I am now a kaleidoscope of the mended pieces of the woman I am becoming. I no longer fear difficult things the way I used to; life decisions are easier because perspective has taught me how fleeting and insignificant some of them are. I can no longer imagine my future, but I am sure that it is beautiful, despite my loss. I am stronger and braver and more resilient than I ever thought possible. I am more capable of doing hard things, of speaking the truth, of living in the moment. I am more open to giving and receiving love and less guarded with my heart and my feelings (because life is too short to not love 150%). I tend to find the silver lining in bad situations whereas before I was more cynical and pessimistic. I am more open to adventure and more curious about life and all its facets. I fight sadness with laughter and I want to be around people more than I ever have before. I want to open myself to others and show my vulnerability so that they may feel more comfortable showing theirs. I don’t put up with bullshit and I don’t play games. And I’m no longer afraid of public speaking.
As strange as it sounds, I do not miss the woman that I was. I loved her, and she served me well. I am so glad to have been her. But she was a woman of a different life, a different time, a different reality. She is no longer available to me in this new, strange, but beautiful, life. The pain of becoming a different woman has been profound and unimaginable sometimes. The pain of losing all that you thought you were is a grief just as hard as losing the person who knew you inside and out. Garry would not recognize his wife today; I am different physically, emotionally, mentally and spiritually. But I have no doubt that he would still love me, perhaps even more than he already did. And now I understand what he meant by “you do you”: I had to meet myself again, and do exactly what was necessary to rediscover me.
I am two women: the woman I was and the woman I am becoming. And while I would not wish this type of transformation on another person, I am glad for it, as strange as it may sound. Too often we forget that a rich and full life usually does not equal an easy, pain-free life. More often than not, we will have to suffer through tragedy and heartache to become the person we were intended to be. After all, the pain of becoming is always followed by the joy of renewal. And while I am still very much in the becoming phase of this strange metamorphosis, I cannot wait to meet the woman I was ultimately intended to be. I think I’m going to like her.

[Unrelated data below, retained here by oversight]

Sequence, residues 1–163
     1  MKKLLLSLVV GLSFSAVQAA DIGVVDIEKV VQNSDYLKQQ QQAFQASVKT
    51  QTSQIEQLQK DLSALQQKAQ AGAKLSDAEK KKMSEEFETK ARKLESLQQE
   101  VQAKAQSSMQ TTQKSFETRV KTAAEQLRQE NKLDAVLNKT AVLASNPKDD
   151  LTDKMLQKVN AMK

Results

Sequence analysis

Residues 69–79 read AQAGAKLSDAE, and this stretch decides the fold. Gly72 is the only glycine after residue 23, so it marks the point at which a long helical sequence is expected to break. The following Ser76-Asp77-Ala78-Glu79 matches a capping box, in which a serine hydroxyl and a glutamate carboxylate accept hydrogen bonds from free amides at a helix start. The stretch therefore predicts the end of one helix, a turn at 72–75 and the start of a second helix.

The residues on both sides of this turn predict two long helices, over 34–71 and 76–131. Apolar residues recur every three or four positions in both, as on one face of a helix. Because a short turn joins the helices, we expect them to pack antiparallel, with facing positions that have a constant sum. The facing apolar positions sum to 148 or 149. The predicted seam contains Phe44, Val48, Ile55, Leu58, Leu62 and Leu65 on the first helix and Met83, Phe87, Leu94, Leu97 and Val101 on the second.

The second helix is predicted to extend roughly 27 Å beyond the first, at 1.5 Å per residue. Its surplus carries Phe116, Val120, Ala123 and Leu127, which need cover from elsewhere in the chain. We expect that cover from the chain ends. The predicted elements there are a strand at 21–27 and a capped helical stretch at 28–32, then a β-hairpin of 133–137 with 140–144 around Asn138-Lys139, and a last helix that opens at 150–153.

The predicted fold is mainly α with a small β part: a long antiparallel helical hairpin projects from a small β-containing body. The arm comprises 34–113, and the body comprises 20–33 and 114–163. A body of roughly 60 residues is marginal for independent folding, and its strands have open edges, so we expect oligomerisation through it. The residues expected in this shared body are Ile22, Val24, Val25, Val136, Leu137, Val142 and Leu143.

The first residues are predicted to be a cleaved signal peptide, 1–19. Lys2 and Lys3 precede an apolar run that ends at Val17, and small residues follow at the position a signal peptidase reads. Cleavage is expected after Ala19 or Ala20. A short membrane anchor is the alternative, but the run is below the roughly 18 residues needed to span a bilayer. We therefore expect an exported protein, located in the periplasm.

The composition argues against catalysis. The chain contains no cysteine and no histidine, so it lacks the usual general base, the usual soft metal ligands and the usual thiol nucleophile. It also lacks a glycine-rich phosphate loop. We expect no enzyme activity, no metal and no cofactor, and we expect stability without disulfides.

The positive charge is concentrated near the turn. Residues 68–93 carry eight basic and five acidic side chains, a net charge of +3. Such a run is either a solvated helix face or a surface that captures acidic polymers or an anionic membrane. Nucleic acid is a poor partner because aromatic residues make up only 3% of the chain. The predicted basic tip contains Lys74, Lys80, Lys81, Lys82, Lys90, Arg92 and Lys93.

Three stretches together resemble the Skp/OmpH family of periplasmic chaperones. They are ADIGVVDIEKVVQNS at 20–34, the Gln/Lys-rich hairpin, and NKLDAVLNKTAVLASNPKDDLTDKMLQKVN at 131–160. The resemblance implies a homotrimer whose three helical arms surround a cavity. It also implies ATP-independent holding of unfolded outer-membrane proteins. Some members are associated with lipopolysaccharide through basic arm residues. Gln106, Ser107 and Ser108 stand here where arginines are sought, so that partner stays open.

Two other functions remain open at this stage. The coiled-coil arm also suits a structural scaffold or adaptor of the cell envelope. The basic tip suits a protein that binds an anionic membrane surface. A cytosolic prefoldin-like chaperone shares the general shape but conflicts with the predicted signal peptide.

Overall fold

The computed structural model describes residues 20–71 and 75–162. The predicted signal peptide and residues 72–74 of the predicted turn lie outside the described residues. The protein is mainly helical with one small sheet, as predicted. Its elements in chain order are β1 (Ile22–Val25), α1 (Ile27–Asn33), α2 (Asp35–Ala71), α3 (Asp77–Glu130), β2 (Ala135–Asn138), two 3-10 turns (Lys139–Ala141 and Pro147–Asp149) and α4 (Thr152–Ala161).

Carlea J Wilson says
All the heart eyes for this. I felt this when I saw you last month. A new Cheyenne has emerged. And I really kinda like her <3
I totally believe that our loved ones can watch over us from the beyond. I enjoyed reading your journey .
This is beautiful, Cheyenne!!! I shed big ugly tears reading it, but you have such a beautiful perspective and a way with words that touches the heart. Keep on doing you, my friend! xoxo
My words seem inadequate next to your thoughtful and eloquent ones but I didn’t want to just read something so personal and dash. Thank you for sharing your journey and strength. Many hugs to the amazing woman you are and the wonderful one you’re becoming.
Audrey Vann says
You are so right that people forget that life isn’t easy. It’s not Instagram, and it’s not supposed to be. Easy isn’t real, and many people imo don’t want to deal with “real” unless they have no other choice. Gold is purified by fire. Paul is speaking of different tribulations in Romans, but the end effect of perseverance is, I believe, the same.
“And not only that, but we also glory in tribulations, knowing that tribulation produces perseverance; and perseverance, character; and character, hope. Now hope does not disappoint, because the love of God has been poured out in our hearts by the Holy Spirit who was given to us.”
Romans 5:3-5 NKJV
Lisa Roe says
As always you have inspired me Cheyenne with your beautiful words and eloquent way of sharing you and your journey. You inspire me to BE, to be in the moment, to be in the pain, to be the woman God designed me to Be. May God bless you with continued growth and much peace and love as you continue on this new journey into you and the life He has set out.